What do you do when people FIGHT for the right to insult your child?
Posted Feb 20 2010 8:22am
Family Guy. Admittedly I have never watched a single episode of it. I made the presumption that it would be the same as picking out a seat at the back of the school bus. The spot the sixth and seventh grade kids like to occupy. I'd go to the dentist's chair before that bus seat.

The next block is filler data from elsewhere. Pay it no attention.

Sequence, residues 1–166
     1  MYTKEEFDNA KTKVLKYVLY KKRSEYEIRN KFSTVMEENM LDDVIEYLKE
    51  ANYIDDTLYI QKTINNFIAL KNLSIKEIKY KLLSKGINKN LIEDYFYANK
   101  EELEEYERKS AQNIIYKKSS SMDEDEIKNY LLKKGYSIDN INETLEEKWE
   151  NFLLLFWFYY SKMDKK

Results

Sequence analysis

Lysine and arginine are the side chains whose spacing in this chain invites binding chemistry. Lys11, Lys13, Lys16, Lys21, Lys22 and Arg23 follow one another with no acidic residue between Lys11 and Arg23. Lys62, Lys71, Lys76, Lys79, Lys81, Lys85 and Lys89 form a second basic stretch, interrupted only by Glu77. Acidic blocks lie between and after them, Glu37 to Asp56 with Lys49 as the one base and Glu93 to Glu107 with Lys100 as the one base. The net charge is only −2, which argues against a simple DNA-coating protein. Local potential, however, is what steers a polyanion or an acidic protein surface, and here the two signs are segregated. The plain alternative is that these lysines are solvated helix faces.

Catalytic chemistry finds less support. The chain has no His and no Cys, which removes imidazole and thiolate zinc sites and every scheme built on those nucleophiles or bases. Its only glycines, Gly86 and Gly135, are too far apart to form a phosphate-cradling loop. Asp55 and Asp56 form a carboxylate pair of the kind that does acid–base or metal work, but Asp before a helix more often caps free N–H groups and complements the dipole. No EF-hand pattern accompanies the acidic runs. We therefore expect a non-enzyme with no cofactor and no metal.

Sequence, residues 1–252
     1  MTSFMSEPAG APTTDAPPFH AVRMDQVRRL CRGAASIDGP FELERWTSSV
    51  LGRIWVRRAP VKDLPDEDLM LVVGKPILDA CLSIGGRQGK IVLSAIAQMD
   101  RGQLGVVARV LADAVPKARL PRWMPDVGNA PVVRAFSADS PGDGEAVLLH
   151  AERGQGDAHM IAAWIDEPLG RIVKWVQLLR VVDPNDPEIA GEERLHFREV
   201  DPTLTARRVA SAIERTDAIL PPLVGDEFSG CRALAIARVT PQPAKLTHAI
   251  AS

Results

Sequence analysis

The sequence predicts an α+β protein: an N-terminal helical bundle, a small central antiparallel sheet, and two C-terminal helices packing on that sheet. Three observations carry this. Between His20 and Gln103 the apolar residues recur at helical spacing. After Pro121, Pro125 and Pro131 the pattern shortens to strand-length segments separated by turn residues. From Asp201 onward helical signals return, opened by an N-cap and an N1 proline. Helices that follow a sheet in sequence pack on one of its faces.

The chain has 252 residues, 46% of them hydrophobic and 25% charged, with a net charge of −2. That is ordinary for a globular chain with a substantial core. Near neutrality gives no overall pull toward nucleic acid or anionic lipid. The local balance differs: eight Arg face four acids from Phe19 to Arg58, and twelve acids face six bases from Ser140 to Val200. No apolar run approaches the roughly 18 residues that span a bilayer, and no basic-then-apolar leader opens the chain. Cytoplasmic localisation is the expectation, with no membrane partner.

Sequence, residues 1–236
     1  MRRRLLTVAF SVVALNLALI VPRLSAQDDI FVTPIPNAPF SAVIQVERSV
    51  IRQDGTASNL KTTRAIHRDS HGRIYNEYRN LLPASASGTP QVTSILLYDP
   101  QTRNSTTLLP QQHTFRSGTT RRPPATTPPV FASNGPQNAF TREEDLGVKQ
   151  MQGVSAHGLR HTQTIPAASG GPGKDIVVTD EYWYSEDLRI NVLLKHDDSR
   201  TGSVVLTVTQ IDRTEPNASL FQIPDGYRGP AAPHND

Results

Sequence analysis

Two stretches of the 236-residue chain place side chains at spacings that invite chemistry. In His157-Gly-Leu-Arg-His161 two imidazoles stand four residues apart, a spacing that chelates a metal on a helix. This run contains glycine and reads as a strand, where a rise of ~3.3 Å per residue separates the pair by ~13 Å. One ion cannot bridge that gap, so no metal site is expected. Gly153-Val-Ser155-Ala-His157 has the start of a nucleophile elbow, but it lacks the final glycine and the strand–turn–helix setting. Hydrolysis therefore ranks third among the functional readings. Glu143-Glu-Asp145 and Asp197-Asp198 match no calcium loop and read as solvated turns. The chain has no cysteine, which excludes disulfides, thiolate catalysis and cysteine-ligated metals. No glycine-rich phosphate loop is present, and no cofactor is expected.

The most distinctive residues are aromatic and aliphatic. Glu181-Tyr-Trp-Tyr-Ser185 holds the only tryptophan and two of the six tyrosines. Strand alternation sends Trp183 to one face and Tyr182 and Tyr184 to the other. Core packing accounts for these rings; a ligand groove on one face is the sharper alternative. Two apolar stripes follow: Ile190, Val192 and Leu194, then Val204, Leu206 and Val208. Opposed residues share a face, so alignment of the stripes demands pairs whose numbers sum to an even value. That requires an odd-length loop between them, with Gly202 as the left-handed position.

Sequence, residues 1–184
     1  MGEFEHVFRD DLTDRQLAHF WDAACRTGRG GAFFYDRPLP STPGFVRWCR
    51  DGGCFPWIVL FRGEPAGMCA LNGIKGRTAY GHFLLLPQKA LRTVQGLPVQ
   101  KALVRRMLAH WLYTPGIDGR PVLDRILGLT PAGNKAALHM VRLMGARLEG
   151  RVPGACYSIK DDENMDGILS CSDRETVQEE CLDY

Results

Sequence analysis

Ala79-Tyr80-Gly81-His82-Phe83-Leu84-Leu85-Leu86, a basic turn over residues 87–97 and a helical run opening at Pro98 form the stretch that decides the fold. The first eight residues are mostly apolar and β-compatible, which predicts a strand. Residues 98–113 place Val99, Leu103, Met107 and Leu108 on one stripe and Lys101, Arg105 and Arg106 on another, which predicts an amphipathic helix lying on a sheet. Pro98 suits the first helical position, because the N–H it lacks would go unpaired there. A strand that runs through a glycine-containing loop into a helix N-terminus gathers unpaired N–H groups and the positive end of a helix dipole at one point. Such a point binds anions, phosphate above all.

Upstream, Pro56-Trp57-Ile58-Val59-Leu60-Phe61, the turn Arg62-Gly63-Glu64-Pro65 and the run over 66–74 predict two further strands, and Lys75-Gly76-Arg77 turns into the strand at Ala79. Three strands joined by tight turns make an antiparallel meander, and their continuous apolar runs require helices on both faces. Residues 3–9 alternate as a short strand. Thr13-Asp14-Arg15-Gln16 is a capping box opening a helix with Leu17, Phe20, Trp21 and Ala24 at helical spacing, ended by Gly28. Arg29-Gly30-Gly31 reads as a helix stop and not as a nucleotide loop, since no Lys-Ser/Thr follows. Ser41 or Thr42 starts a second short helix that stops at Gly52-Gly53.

It has come to my, and just about everyone's attention that in the latest episode, written by Seth MacFarlane, featured the voice of an actress with Down syndrome to play the part of an animated woman with Down syndrome. The writer of the show slyly used Andrea Friedman to lob a bomb at Sarah Palin, and her son Trig. Andrea played the part of a date to one of the Family Guy's main characters. Here are the words to the song played on the show, to give you a better feel for the episode: